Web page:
With 2 new pitches, Holderman out to pump gas for Pirates

March 19th, 2023

SARASOTA, Fla. -- There are plenty of people throughout the Pirates’ organization who are excited to witness ’s sophomore season. is right at the top, if not at the very top, of that list.

“In talking to him, there’s a lot of guys with a lot of stuff, but not as many know what to do with it,” De Jong said before Pittsburgh's 8-0 loss to the Orioles on Sunday. “He’s smart. He understands himself. He knows what makes him good. And he’s a gamer. There’s a little bit of JUCO grinder in there, so we’re [kind of] kindred spirits -- kind of been through the ringer.

“He’s just a guy that has the right attitude, the right makeup, the right skill set. I think he could be really successful, and I’m really happy that he’s on my team.”

Holderman, who the Pirates acquired ahead of last year’s Trade Deadline from the Mets in exchange for Daniel Vogelbach, certainly made a positive first impression. Across 28 1/3 innings with New York and Pittsburgh, Holderman had a 3.81 ERA, 3.59 xERA and 3.32 FIP. Those numbers are even more impressive considering Holderman wasn’t fully healthy for much of last season.

The right-hander dealt with shoulder issues dating back to his time in Queens, and they didn’t go away when he arrived in Pittsburgh. Holderman grinded through the ailment for much of the summer, but things came to a head on Aug. 24, when he allowed five runs to Atlanta without recording an out and was removed from the game after 14 pitches. The outing, which raised his ERA by 1.59 points, ended up being his last of the season.

Now, healthy once again, Holderman has an opportunity to carve out a prominent role in Pittsburgh’s bullpen.

“You’re always nervous going into camp,” he said. “You never know how it’s going to go, but … I feel really confident in who I am and my identity as a pitcher. I’m really excited for the year and to show people what a healthy Colin Holderman can do.”

Among the things that a healthy Colin Holderman can do is pump gas. Last season, Holderman ranked in the 75th percentile for fastball velocity, averaging 96 mph on his sinker and 96.5 mph on his fastball. This spring, Holderman is averaging 97.5 mph on his sinker through six appearances (Statcast was not available for his March 8 outing vs. the Orioles). On March 2, Holderman’s spring debut, the right-hander’s four-seam fastball touched 99.9 mph, his hardest-thrown pitch on record.

Holderman’s velocity serves as just one component of the puzzle. This spring, he has added a cutter and sweeper to his repertoire to complement his sinker and occasional four-seam fastball. Technically, the cutter and sweeper aren’t completely new, but rather manifestations of Holderman’s slider.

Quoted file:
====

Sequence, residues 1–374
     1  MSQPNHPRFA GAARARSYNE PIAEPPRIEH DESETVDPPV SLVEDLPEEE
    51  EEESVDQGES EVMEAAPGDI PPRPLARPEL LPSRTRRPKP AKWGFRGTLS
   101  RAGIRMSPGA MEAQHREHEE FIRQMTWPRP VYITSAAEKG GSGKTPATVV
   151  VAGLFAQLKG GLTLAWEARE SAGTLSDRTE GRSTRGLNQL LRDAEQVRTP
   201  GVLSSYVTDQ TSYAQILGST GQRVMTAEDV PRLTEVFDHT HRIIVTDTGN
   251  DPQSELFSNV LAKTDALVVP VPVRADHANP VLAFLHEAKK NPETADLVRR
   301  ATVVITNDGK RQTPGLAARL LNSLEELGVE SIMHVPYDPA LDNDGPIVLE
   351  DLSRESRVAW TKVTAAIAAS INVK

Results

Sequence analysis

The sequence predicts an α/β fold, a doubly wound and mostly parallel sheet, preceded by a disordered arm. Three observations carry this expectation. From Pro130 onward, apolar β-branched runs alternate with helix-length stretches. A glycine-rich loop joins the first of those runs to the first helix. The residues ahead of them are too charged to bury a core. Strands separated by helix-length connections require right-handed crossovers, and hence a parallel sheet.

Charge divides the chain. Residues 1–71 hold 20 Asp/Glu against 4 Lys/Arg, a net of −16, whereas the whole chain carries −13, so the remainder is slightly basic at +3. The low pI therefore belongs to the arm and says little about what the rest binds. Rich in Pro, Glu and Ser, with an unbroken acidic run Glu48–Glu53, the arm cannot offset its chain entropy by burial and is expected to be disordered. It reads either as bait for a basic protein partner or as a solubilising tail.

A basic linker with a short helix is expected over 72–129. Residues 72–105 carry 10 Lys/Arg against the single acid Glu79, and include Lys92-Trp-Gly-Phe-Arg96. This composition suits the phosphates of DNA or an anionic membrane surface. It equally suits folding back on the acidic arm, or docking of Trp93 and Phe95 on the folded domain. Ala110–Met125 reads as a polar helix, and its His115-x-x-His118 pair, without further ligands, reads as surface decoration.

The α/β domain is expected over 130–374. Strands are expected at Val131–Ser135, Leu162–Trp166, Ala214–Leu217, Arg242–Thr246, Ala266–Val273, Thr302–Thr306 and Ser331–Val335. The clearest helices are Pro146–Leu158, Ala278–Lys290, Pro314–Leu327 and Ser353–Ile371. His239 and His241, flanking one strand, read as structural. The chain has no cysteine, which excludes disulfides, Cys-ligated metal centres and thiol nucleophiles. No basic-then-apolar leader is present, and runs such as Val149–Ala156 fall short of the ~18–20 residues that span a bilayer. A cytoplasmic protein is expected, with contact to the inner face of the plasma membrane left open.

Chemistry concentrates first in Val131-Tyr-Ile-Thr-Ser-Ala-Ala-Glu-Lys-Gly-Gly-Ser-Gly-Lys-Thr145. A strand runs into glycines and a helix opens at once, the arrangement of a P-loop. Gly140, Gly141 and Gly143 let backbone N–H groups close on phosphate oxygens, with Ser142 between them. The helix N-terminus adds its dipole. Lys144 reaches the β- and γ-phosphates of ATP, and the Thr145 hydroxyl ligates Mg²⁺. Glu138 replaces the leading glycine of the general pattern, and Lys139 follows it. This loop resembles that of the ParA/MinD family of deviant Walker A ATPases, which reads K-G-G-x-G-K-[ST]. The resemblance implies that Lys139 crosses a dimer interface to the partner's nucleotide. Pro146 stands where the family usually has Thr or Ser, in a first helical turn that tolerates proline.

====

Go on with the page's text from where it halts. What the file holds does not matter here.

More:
Last season, Holderman threw two versions of his slider. One version acted more like a cutter. The other version acted more like a sweeper. Instead of having two semi-distinct sliders, Holderman, with some help from a visit to Driveline Baseball, tweaked his grips to create two separate offerings.

“I just took one of the sliders and went one way with it, and I took the other slider and went another way with it,” he said.

So far, Holderman’s cutter is averaging 91.5 mph while his sweeper is averaging 85.8 mph. As far as movement, his cutter is averaging 1.3 inches of horizontal movement, while the sweeper is averaging 6.7 inches of horizontal movement (Statcast currently classifies Holderman’s sweeper as a traditional slider, meaning the metrics on the pitch could look different when the classifications are adjusted).

“You throw it inside [a facility] during the offseason and it looks great on TrackMan and that tells you one thing,” Holderman said, “but the hitters are going to tell you what it’s really playing like. I really got some confidence in all three of my pitches right now, and we’re going to try to take that momentum into the regular season.”

“Velocity in and of itself is not going to get Major League hitters out,” added manager Derek Shelton, “but having multiple weapons and having the ability to rush it up there 98, 99 [mph] with action to it to put the ball on the ground, it’s been very impressive. It was one of those things -- we knew we had a big arm, it was just a matter of getting him healthy.”